Entry from February 24, 2010

Wouldn’t you just know it? Now that homosexuals have gone all respectable on us by wanting to get married to each other, we’re likely to see a return of sentimental, middle-brow drama as well, only featuring gay instead of straight couples in troubled marriages and having crises of middle-class conscience and so forth. Perhaps even the recent Onion headline — “Gay Teen Worries He Might be Christian” — will come true. According to Patrick Healy, writing in the New York Times, this new gay theatre is shockingly reactionary.

These productions about gay life make little or no mention of H.I.V. or AIDS and keep direct activism at arm’s length, with militant crusading portrayed with ambivalence more than ardor. The politics of these shows — there are seven of them opening in New York in the next several weeks — are subtler, more nuanced: they place the everyday concerns of Americans in a gay context, thereby pressing the case that gay love and gay marriage, gay parenthood and gay adoption are no different from their straight variations.

Except that everyone knows they are different. That’s what once made the love part of it, anyway, exciting, edgy, “transgressive.” And what if the straight variations themselves are different from what they think they are? One reason for straight people as well as gay people to regret the movement to gay marriage is the loss of self-irony that it represents. That once served heterosexuals as well as homosexuals. Whither “camp” and all its delightful mockery of bourgeois convention when the gays, who invented it, suddenly decide that they, too, are taking bourgeois convention seriously again?

Mr Healy quotes the brothers Joe and David Zellnik who created the new musical Yank, about the (sexual) love of two G.I.s for each other during World War II, as claiming that “We weren’t trying to write an overtly political musical about gays in the military, because we came to see that ‘Yank!’ becomes more subversive the more you hew to the old classic Rodgers and Hammerstein models of love stories — just between two men — than having our characters up on soapboxes.” But this makes no sense. They might think they’re subverting the traditional military ethos, but even if they are they are affirming in the process the social order that it serves. “Subversive” is just what the piece cannot be if plugs its gay characters into the Rodgers and Hammerstein template with a straight face.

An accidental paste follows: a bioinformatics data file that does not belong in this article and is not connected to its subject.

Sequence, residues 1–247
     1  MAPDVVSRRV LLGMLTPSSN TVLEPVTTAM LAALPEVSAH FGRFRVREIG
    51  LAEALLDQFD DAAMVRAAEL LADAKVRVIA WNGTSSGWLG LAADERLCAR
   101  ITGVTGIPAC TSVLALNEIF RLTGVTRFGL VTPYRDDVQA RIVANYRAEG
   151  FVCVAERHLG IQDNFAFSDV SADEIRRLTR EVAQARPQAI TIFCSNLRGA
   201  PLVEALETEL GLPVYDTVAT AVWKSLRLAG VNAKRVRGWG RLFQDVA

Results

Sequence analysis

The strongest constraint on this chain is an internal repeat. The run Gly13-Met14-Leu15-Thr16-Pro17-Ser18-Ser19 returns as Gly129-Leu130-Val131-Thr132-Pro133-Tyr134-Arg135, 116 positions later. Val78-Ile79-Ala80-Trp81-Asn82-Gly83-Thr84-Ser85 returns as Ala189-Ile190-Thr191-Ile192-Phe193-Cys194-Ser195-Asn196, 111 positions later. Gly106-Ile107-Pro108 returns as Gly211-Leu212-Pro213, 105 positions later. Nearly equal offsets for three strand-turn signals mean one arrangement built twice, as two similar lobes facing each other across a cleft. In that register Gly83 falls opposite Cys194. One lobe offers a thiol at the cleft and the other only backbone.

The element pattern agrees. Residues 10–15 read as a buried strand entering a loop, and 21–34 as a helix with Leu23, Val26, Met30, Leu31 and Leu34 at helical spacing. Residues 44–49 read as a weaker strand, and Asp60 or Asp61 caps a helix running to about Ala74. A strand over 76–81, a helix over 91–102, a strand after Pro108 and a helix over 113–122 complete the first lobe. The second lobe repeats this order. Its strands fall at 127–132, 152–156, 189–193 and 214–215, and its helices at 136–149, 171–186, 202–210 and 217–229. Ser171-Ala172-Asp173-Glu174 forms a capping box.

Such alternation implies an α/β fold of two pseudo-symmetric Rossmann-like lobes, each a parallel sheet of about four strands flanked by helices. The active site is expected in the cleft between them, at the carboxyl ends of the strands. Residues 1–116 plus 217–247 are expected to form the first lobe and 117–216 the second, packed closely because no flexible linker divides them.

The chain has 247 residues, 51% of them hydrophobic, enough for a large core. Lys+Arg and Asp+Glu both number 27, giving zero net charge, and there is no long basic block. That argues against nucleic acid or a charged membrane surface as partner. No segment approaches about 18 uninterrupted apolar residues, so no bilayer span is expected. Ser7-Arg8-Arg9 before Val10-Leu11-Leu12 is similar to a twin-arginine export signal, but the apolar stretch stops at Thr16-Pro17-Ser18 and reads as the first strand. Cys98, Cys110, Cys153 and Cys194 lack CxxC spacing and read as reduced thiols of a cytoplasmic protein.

I don’t know, maybe gay couples from White Plains and Scarsdale will flock to the city at weekends to have a rollicking night of entertainment at Yank, but I somehow kind of doubt it. It’s been done. We know too much to return to that kind of innocence now. Of another one of the new gay dramas, The Pride, the Times’s own theatre critic Ben Brantley writes:

There’s something to be said for a love that dare not speak its name, at least when it comes to dramatic tension. Though sex is frankly and, on occasion, brutally portrayed in this production, directed by Joe Mantello, an old-fashioned artificiality saturates The Pride, like a floral cologne with musk accents. The play is set in both 1958 and 2008. Yet even during its latter-day scenes, I found myself thinking of gay writers of many decades ago, particularly Terence Rattigan, whose mid-20th- century dramas (Separate Tables, The Deep Blue Sea) chronicled the loneliness of forbidden love. And I began to think that Rattigan’s work may have benefited from his not being able to describe directly his own erotic nature.

Do tell! Everybody’s work benefits from his not being able to describe directly his own erotic nature. That’s because describing directly one’s own erotic nature is boring — at least to other people. Much more interesting and enjoyable is the irony and indirection that gays used to be so good at. In our eagerness to make the forbidden the commonplace, we rob ourselves of more than just the thrills of the forbidden. The commonplace also suffers from having no boundary. Now, it seems, the ironic gay guy, presumably like the promiscuous gay guy, is to be a thing of the past, and those of us who are not gay are also to be robbed of the best part of our fondness for Broadway show tunes, Judy Garland and Barbra Streisand, none of which can anyone take seriously anymore without the filter of gay irony.

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